Michel's narrative will be based on three pillars:

  • His observations in the field;
  • Testimonies from people who live in and represent different neighborhoods;
  • The research work of the CIRM community.

The map will be a kind of visual refrain, as it will always come back with new layers, imbued with new meanings thanks to observations, encounters, and research. Vignettes, or comics associated with each neighborhood, will be the visual verses.

But having said that, it's time to operationalize the whole thing, to use a word dear to academic research. Here's Michel's methodology.

"What may be different about my project is the decisive role they will play in the construction of the narrative. I want to associate experiences with places that hold significance, and use the motif of cartography as a recurring element in my narrative to connect the past to the present, the personal to the collective."

The point of view? Michel will continue to represent himself as a bear, the same avatar presented in Mile End and Nunavik, in order to maintain the continuity of his work.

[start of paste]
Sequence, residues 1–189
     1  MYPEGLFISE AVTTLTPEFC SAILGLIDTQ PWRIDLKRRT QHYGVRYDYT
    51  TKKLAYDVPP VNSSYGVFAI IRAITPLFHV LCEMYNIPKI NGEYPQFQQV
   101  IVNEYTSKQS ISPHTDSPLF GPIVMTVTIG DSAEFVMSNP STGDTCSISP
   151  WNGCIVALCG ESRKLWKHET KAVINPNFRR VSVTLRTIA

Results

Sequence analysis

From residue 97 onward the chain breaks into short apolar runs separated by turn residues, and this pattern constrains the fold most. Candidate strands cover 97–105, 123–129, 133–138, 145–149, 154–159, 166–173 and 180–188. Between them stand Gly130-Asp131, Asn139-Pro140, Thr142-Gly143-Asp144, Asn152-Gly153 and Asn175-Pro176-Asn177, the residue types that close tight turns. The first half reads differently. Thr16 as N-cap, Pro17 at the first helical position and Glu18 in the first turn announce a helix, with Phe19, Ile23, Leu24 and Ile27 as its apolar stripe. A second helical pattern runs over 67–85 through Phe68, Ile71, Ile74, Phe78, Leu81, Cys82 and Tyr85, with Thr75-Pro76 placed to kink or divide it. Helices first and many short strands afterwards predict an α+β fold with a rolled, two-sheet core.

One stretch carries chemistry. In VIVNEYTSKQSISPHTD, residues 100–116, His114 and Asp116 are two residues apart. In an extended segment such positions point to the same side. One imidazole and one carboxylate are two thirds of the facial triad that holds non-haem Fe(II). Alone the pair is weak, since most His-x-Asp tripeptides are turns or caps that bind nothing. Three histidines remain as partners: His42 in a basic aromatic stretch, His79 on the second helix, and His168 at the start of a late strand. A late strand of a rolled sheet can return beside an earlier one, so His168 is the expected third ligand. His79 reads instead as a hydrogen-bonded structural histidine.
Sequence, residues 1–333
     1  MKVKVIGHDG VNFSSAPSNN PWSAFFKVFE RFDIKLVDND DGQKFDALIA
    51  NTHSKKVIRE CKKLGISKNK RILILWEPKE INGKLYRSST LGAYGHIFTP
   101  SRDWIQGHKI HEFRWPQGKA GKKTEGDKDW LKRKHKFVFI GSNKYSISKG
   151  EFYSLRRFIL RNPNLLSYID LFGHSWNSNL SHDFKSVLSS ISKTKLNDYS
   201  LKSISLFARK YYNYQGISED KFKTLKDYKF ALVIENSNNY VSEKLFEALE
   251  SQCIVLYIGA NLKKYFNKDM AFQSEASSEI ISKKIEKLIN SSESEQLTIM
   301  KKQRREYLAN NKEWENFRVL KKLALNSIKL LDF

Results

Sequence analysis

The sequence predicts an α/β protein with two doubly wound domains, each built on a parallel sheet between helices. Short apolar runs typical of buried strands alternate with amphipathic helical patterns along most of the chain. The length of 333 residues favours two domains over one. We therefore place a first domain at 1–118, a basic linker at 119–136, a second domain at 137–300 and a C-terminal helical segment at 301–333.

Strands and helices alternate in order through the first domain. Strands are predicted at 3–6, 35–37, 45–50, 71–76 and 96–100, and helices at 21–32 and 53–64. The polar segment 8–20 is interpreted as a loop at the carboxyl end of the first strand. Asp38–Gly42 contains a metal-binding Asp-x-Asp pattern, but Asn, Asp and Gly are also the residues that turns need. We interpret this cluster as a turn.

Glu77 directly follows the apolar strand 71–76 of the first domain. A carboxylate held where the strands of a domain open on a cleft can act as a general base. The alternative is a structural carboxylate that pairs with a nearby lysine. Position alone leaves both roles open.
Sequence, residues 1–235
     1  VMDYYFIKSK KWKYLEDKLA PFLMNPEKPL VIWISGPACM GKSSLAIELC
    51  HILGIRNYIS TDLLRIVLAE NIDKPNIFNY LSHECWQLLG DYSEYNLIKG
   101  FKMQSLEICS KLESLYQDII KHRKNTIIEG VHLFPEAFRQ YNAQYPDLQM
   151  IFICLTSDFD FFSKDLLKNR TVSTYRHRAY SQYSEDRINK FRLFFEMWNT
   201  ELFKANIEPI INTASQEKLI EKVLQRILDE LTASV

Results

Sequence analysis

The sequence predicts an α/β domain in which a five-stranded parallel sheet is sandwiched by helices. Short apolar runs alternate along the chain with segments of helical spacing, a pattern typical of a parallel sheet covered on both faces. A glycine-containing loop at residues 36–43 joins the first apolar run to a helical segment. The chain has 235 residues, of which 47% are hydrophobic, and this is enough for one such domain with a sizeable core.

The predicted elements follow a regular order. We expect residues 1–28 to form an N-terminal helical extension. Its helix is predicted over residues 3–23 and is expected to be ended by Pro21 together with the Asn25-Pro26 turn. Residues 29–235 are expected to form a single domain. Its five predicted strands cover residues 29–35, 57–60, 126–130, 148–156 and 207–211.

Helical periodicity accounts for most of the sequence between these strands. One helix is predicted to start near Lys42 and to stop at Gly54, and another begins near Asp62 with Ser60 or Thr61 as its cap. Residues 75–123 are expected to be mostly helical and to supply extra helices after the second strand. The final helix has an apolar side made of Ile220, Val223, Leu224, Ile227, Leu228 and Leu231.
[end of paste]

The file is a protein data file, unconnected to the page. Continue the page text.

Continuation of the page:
Avatar de Michel Hellman: un personnage ours

The method? Strolling around the city, taking in parts of it as he would if he were a tourist, always with a notebook of observations, so that he can draw and document his decisions about where to go, what he sees and who he meets.

 

Image de carnet de Michel Hellman

 

 

Image de carnet de Michel Hellman

 

 

Image de carnet de Michel Hellman

 

There's even a precise term for this concept, which comes from Guy Debord: "psychogeographic drift".

Michel's project is therefore necessarily subjective, even random. Even though he documents the decisions that influence his psychogeographical drifting, he doesn't know in advance who he will meet, or what precise subjects will come up during the conversations, which he articulates, broadly speaking, around home.